Furthermore, negative (e.g. insensitive or intrusive) parental behaviours may by themselves constitute a source of stress for children (Smeekens, Riksen-Walraven, & van Bakel, 2007). Insensitive and intrusive parental behaviour is essentially uncontrollable for the child; insensitive parental behaviour is unresponsive and non-contingent upon the child’s signals and behaviours, and parental intrusiveness implies breaking into or interrupting the child’s ongoing activity, thereby producing negative experiences that cannot be avoided by the child.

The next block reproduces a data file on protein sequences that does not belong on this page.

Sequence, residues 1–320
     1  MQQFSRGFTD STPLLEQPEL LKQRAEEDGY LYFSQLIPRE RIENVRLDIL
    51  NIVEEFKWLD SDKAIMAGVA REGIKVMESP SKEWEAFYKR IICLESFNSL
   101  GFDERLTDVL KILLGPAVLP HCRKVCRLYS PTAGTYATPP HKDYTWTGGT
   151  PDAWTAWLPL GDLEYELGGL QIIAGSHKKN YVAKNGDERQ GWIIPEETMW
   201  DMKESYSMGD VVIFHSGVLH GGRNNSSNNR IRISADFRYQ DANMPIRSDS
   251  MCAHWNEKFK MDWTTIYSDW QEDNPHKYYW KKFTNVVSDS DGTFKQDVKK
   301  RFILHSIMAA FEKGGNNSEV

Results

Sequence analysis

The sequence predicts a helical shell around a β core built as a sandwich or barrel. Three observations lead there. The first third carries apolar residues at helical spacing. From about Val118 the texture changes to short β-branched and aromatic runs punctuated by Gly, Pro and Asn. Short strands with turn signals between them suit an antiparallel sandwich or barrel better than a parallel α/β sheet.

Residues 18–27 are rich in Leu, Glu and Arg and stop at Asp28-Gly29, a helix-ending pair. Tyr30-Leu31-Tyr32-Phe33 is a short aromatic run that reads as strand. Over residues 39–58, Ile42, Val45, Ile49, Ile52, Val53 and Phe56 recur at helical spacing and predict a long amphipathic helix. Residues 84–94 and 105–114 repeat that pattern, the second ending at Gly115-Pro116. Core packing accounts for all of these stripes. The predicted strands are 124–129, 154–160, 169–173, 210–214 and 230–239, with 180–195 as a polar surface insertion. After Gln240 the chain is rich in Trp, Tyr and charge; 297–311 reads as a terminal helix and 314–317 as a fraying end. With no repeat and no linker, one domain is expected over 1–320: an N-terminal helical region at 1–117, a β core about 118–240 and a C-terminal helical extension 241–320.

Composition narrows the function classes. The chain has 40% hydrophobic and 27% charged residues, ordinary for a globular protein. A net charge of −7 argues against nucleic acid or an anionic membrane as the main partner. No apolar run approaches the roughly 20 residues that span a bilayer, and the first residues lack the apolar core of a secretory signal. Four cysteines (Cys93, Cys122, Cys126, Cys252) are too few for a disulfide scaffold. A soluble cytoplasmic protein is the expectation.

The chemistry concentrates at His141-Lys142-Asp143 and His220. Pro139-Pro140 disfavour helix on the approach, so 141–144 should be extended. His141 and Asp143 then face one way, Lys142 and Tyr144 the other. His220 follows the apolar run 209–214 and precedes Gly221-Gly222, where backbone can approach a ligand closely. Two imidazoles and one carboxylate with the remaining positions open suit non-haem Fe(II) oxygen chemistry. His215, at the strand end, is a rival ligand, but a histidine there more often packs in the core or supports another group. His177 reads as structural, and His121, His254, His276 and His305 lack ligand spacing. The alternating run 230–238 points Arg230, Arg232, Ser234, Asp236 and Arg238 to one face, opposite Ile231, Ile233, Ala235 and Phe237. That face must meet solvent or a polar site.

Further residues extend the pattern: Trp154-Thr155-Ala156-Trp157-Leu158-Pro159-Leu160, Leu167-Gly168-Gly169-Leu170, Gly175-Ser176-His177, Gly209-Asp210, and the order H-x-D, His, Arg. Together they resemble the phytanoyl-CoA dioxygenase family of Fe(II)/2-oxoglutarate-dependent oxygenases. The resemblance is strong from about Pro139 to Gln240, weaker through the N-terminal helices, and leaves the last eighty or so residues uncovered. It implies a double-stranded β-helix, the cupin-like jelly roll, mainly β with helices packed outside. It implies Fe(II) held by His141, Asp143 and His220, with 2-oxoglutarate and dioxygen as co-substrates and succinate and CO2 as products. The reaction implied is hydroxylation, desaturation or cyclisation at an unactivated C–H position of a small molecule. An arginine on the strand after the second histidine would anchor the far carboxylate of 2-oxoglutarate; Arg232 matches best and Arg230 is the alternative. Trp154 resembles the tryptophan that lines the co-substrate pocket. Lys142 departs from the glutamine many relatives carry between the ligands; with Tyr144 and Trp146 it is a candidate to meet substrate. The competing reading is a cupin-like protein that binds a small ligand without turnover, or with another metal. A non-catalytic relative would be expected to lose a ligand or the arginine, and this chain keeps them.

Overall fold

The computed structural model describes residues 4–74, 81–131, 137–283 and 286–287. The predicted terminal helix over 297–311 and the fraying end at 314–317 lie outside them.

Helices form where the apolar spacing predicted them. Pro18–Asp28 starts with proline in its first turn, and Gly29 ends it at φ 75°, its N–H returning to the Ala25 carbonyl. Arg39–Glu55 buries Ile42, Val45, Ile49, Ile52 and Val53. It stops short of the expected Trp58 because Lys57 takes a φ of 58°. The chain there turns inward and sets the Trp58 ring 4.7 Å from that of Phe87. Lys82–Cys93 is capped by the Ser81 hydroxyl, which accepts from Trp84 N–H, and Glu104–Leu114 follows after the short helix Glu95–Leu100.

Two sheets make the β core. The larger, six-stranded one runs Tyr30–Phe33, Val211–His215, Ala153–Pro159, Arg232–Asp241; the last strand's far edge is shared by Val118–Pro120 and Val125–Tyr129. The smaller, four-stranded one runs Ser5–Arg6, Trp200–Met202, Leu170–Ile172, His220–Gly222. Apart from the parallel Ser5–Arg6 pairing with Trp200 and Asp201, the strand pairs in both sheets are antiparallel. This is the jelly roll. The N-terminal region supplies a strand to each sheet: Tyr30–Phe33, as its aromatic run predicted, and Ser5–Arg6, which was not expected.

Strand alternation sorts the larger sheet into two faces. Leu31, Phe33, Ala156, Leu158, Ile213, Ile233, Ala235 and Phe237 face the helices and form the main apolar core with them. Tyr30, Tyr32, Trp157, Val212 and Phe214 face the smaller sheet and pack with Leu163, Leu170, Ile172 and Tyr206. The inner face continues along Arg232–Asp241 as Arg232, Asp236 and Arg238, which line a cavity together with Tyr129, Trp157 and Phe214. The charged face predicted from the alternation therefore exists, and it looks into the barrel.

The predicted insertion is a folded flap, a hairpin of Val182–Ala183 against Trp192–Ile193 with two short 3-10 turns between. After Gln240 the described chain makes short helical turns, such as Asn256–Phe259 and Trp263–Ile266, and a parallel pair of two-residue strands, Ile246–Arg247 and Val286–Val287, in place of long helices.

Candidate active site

There is evidence that during early childhood, exposure to maternal distress concurrently or during infancy, or to stress-related situations such as low socioeconomic status is related to elevated cortisol levels in children born full-term (Essex, Klein, Cho, & Kalin, 2002). These high cortisol levels were associated with later externalizing and internalizing behaviour problems (Essex et al., 2002) and poorer cognitive performance (Lupien et al., 2000, 2001). Moreover, maternal stress within the months following delivery has been found to predict more negative maternal attitudes and behaviours during interactive play with their infants (Crnic, Ragozin, Greenberg, Robinson, & Basham, 1983) and reduced maternal sensitivity and increased controlling maternal behaviour during interactions with their six-month old preterm infants (Muller-Nix et al., 2004). Since high quality of caregiving can buffer cortisol secretions in children (reviewed by Gunnar, 2002), taken together, these findings suggest that maternal stress during infancy may affect cortisol secretion in children through interference with the quality of interactive maternal behaviour.